There is something delicious about the dual spectacles of Governors Paterson and Blogojevich. Each is currently taking a bashing in the media, each has become the subject of ridicule and each is a sort of ludicrous cartoon character. Paterson won the Hamlet award, wavering on and baiting a flock of senate wannabes and ultimately dissing Princess Caroline. Blago is now the poet laureate, spouting Kipling and Tennyson at every turn. Each has made a hash of his political career. And yet. . . Yes, there is something almost endearing about them.
For starters, they certainly aren’t the run-of-the-mill, consultant-trained politicians you see everyday. They haven’t perfected the art of opening their mouths and saying nothing memorable. So they get points for originality and individuality. They, in their own way, are more real than their less controversial peers. Well, at least more entertaining — as Blago proved once again on ABC’s Nightline:
No, I’m a very honest politician and I see myself — and you can laugh and call this delusional — but when all the facts come out you, will see that I’m right. This is a modern-day Frank Capra story. You remember those old movies? Those black and white movies with Jimmy Stewart and Gary Cooper? The guy who was siding with the little guy, trying to fight for them, create more opportunities for them and protect them from big, powerful forces? Well, that’s my story. It’s a modern day version of it.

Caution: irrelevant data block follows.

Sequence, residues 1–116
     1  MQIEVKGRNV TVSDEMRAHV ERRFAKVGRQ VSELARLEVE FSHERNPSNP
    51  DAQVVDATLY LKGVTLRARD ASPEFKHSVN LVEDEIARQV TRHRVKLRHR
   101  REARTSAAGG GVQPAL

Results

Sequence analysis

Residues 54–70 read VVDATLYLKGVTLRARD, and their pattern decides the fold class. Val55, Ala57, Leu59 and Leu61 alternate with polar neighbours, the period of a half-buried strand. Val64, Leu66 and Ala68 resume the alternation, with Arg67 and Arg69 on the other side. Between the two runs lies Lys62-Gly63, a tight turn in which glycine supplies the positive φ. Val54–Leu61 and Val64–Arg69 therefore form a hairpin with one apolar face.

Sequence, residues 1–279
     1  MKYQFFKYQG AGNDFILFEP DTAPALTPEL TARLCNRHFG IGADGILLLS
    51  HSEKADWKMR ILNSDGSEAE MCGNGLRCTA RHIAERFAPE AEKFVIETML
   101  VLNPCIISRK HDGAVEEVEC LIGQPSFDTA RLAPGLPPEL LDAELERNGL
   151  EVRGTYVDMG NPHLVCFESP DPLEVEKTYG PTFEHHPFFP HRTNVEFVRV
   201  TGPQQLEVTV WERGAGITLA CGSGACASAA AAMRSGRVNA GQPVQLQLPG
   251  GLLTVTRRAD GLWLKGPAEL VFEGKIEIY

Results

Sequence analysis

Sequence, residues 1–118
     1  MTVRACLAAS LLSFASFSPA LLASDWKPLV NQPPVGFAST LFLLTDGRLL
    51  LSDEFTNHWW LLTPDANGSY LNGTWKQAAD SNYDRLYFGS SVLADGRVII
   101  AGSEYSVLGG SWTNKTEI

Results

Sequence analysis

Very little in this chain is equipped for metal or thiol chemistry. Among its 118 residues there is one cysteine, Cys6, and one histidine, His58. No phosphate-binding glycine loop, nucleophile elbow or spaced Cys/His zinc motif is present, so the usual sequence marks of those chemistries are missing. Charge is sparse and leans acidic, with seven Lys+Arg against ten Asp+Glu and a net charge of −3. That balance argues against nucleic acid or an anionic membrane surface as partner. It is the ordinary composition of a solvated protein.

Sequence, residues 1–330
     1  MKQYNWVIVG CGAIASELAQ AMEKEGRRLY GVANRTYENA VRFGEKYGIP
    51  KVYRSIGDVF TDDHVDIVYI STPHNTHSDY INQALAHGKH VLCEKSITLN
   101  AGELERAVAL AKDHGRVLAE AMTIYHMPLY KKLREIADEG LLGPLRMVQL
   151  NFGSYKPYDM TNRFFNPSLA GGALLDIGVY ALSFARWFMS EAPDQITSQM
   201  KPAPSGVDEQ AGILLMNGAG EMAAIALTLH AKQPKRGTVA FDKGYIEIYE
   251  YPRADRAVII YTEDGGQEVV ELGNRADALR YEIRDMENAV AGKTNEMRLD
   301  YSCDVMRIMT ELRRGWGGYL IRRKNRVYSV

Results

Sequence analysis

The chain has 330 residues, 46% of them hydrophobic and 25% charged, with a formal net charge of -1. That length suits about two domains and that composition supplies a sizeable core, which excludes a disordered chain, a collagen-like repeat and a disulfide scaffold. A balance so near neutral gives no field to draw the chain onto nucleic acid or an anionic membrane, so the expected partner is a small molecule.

And what those people do, some of those establishment people do in those movies is try to make the good guy, whose got idealistic intentions, look like he’s just what you suggested. And I view myself as Jimmy Stewart and Gary Cooper and I know that’s gonna be met with mockery, but that’s how I see it.
It sure beats “no comment,” or “I have faith in a jury of my peers.”
But more substantively, they each have a point. Deep beneath the media sideshow that has enveloped them, they may have the better argument over their refined, horrified critics. It has yet to be shown that Blago actually offered something of value for the senate seat. Indeed, multiple Obama officials swear he didn’t. Yes, he’s given to loony talk about his designs on a cabinet seat or a cushy job at a non-profit firm, but that’s not a criminal offense. (If it were, there would be 535 suspects on Capitol Hill.) So as far as the senate seat “sale” goes, I’m not so sure that Patrick Fitzgerald has the better legal argument.
As for Paterson, his technique left a bit to be desired, but didn’t he wriggle out of appointing an utterly unqualified senator despite the wishes of the Kennedys and the President? He gave Princess Caroline all the running room she needed and let her prove her own lack of fitness for office. Who could blame him in the end for picking someone else? (Well, other than the furious Kennedys and the elite media.) New Yorkers overwhelmingly blame Caroline, not him, for her failure to get the seat.
There’s plenty of fault to be found with both Blago and Paterson. The former may be a crook and the latter an incompetent governor. The jury is out (or yet to be impaneled in Blago’s case). But there is something more than schadenfreude at work here in the delight one feels following their tales. They are, if nothing else, entirely unpredictable and unscripted. That is more than you can say for most politicians.